Guest Column: (Legal) corruption in high places

Guest Column: (Legal) corruption in high places

By Barbara Wells

It is disappointing, but not unexpected, to hear that Winnebago County State’s Attorney Paul Logli suggests that private citizens seek justice by filing civil suits against those accused of violating the law. This pattern repeats itself in federal agencies, such as the Department of Justice. In response to numerous complaints of extortion and embezzlement committed by bankruptcy trustees, the Department of Justice advises victims to hire private attorneys to file civil lawsuits against parties accused of committing federal crimes. Of course, it is impossible to pursue justice in civil court against certain parties, when attorneys refuse cases as a conflict of interest. In addition, lawyers taking civil cases look for the amount of damages. Some white-collar criminals know how to nickel and dime their way into riches by violating numerous victims. This makes it impossible for individual victims to pursue justice through the civil court, because the monetary damage in one case is not enough for an attorney to benefit from one-third of the award.

Our state and federal law enforcement heads are attorneys. They know that civil law seeks monetary damages, and not criminal convictions. They want citizens to think of justice in terms of dollars. This new wave of relinquishing responsibility and passing it to private citizens obstructs justice.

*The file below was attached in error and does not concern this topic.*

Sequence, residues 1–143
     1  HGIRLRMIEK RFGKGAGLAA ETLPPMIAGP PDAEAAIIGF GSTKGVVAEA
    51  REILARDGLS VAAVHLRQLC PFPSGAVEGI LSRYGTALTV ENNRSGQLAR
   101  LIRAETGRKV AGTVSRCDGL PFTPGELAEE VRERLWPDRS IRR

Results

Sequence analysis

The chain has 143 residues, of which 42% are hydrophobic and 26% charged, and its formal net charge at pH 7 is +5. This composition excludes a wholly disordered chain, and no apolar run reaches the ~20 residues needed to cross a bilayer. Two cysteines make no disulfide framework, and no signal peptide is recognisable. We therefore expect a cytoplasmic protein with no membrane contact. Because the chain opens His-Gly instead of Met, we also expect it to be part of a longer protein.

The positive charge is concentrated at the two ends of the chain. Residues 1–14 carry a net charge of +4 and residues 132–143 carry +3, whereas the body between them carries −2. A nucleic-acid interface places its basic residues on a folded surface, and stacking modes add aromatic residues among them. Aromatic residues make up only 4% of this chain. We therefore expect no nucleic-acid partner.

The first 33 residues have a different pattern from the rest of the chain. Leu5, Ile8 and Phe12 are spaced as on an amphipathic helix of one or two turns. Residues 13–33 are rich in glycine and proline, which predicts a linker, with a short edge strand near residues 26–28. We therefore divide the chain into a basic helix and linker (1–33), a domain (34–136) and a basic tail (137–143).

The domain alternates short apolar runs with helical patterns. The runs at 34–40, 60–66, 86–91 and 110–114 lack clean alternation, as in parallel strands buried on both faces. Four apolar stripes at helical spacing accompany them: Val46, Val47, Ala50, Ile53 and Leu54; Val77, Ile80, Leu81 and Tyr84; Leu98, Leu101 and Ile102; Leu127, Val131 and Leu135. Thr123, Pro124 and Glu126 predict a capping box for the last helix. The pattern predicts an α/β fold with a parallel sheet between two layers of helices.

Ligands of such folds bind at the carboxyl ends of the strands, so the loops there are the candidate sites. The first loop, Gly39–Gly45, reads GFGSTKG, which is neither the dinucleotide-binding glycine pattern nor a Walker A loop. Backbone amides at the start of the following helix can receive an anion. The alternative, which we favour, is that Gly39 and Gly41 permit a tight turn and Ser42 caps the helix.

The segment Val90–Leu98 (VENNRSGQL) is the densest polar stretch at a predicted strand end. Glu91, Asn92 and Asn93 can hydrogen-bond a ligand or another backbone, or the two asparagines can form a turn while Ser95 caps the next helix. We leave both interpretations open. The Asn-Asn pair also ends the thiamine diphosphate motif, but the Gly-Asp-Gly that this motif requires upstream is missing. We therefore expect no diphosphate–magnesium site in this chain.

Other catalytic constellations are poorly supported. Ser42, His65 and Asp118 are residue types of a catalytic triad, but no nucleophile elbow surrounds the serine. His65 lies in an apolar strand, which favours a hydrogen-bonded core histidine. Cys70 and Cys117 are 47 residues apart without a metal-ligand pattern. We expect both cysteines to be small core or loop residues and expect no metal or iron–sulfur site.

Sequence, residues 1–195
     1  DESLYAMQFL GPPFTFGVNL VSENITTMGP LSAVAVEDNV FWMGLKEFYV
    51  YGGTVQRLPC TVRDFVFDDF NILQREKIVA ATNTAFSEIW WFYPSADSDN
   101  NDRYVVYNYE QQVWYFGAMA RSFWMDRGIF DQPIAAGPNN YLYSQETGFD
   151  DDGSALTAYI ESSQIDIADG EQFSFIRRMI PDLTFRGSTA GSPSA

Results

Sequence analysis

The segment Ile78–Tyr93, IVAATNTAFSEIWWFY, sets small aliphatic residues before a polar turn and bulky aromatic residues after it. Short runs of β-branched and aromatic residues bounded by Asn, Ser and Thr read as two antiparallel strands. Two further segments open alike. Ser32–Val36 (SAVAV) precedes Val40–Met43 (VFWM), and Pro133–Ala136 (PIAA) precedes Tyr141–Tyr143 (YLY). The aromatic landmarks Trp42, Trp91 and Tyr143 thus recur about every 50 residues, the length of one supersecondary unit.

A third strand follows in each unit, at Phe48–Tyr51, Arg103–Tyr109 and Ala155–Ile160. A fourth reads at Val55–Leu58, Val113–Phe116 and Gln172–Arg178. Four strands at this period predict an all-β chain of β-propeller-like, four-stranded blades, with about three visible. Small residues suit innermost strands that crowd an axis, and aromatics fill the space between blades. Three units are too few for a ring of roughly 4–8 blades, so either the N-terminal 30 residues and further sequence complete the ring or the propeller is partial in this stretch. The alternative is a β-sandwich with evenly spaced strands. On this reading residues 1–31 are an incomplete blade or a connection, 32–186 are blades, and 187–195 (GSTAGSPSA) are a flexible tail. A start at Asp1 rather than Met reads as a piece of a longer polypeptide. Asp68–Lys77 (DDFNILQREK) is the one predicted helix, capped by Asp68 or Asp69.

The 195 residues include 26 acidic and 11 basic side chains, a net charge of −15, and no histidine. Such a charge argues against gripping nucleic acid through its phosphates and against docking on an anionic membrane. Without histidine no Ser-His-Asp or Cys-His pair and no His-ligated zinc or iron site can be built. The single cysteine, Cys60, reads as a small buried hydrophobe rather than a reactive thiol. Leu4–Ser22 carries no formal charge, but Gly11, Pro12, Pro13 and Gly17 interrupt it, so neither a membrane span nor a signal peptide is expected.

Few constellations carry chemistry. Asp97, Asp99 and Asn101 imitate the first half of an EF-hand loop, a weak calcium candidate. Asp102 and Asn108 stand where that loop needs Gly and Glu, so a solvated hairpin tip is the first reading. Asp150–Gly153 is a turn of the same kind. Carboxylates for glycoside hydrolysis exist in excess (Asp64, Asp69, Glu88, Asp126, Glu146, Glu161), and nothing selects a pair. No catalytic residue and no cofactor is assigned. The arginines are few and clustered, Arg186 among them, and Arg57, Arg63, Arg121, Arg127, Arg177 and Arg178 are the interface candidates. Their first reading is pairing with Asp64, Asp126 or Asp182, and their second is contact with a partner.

I personally met with an employee of the Attorney General’s Office for Illinois and mentioned the report of how some obtain their positions through appointment, and then run in elections unopposed due to agreements between the Republican and Democratic parties. The employee for the highest law enforcement office in the state of Illinois replied that such agreements are not illegal. My opinion is that in a nation where citizens have the right to vote, to deny them a choice of candidates is unconstitutional. It’s a legal way of establishing, and retaining, a monarchy.

From the FBI and Department of Justice field office in Rockford, that in my opinion refuses to recognize hate and white-collar crimes, to the State’s Attorney Office of Winnebago County, we must remember—the real dimension of corruption is measured by the number of people and institutions that turn a blind eye and refuse to investigate or correct corruption.

Barbara Wells is an independent researcher investigating judicial corruption.

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